Armed with a new plan about how to make New Haven “the City That Reads,” Mayor Toni Harp is putting a call out to big-buck not-for-profits to help pay the freight.
Harp and leaders of a 36-member blue ribbon panel released the plan — a report on how to bring all students to grade-level reading and make all citizens more literate — at a Wednesday afternoon press conference at City Hall.
It calls for a focused approach to getting preschoolers up to speed on phonics, on boosting the K-12 reading curriculum, on working with families and community groups to boost literacy in town. Harp formed the commission 18 months ago as part of a 10-point plan to improve education. Many of its recommendations involve thinking more strategically about existing reading efforts both inside government and beyond.
In addition to general goals, the report calls for specific moves that cost money: Creating a “cabinet-level” coordinator for literacy efforts; creating a “citywide office of early childhood”; putting more reading specialists in classrooms; creating another “cabinet-level postiion,” to “focus on the needs of EL [English Language] and bilingual educator”; spending more on bilingual education.
Meanwhile, the mayor this week learned the state is taking back $1.9 million it had promised for the rest of this fiscal year; another $1.3 million it had promised to the schools; and it planning to send tens of millions of dollars less than it had promised for the next fiscal year. So she declared a government spending freeze.
So where will money come from to staff those elements of the new plan?
Harp said she hopes to convince not-for-profit leaders — the Community Foundation for Greater New Haven, Yale, and Yale-New Haven Hospital — to put up the money.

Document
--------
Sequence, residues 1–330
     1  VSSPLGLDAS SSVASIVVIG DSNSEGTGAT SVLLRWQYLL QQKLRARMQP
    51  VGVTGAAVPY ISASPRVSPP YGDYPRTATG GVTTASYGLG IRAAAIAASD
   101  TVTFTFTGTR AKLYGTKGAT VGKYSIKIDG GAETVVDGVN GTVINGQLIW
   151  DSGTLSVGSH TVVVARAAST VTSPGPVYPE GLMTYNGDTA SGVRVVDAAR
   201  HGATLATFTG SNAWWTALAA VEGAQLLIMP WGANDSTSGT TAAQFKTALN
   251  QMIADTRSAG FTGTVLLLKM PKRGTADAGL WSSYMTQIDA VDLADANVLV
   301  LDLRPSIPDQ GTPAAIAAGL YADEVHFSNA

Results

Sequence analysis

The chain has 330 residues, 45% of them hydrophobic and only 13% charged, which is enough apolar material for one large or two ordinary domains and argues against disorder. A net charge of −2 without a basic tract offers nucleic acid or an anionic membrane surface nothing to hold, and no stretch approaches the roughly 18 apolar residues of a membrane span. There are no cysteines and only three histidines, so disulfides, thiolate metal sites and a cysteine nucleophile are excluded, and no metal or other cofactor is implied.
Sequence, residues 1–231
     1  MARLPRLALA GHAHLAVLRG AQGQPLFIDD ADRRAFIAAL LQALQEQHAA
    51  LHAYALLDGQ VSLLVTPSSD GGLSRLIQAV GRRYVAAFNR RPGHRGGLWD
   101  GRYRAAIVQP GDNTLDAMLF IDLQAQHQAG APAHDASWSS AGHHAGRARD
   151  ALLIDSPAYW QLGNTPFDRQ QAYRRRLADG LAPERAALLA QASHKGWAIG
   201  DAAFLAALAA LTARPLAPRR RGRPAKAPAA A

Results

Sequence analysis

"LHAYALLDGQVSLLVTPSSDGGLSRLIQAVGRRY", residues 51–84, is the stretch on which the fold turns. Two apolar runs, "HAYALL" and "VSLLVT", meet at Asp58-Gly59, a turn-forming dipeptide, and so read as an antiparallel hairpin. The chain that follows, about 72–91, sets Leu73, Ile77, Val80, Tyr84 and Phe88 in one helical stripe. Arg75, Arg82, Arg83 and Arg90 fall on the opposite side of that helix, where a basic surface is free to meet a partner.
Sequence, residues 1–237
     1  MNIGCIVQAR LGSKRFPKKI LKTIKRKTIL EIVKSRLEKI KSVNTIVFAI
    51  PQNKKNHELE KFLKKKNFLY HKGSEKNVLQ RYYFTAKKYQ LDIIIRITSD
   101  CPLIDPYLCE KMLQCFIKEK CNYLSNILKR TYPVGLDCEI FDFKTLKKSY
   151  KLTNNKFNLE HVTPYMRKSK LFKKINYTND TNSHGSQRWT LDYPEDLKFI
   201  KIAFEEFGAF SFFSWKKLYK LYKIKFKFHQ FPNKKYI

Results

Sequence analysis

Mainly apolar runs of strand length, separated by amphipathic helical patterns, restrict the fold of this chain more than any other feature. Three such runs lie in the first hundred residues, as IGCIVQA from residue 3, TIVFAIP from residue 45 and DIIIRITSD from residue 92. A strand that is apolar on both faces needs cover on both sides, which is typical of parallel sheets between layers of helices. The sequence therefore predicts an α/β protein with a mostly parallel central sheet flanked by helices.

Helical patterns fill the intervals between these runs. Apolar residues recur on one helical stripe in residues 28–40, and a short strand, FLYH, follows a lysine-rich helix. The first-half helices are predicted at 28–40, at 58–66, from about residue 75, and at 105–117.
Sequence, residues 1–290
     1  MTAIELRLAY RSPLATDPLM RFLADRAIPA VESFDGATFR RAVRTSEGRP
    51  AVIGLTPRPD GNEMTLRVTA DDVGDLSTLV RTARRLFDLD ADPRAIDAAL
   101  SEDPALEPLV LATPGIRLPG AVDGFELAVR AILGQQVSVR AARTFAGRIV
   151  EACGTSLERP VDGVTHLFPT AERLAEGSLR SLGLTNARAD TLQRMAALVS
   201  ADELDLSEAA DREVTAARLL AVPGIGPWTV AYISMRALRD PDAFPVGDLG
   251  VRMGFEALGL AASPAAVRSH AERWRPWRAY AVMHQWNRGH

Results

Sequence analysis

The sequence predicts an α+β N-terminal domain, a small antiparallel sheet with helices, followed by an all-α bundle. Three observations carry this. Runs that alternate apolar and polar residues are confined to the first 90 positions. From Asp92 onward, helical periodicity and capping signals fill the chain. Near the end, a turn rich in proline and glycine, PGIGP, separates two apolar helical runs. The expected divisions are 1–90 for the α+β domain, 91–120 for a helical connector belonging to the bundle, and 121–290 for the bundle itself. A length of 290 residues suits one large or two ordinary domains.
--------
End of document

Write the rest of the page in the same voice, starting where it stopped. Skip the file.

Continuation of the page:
“I think we can get people to invest. We can show the rest of the state and the rest of America how we can get all” children up to reading level and prepared for new-economy jobs, Harp said.
According to the report, public school children in New Haven performed 2.2 points above the state average of 75 on the District Performance Index (DPI) measure (on a 1-100 scale) in English language arts. African-American students performed 14.2 points below the average, Latino students, 11.8; “English Learners,” 17.9 points; and students with disabilities, 26.2. Asian-American students outperformed the state average by 3.2 points.
The report called for “establish[ing] a culture supporting meaningful change” on literacy, with more data collection and analysis, more structure for programs for kids under 5 years old, a revised pre-K reading curriculum, more professional development in reading instruction for all teachers, plans to work more with families to help adults as well as children read more, “grade-appropriate reading specialists” available to all classroom teachers each week, and more “dual language” programs (like those at Columbus Family Academy and Clinton Avenue School).
Click here to read a previous story about the work of literacy coaches in city schools.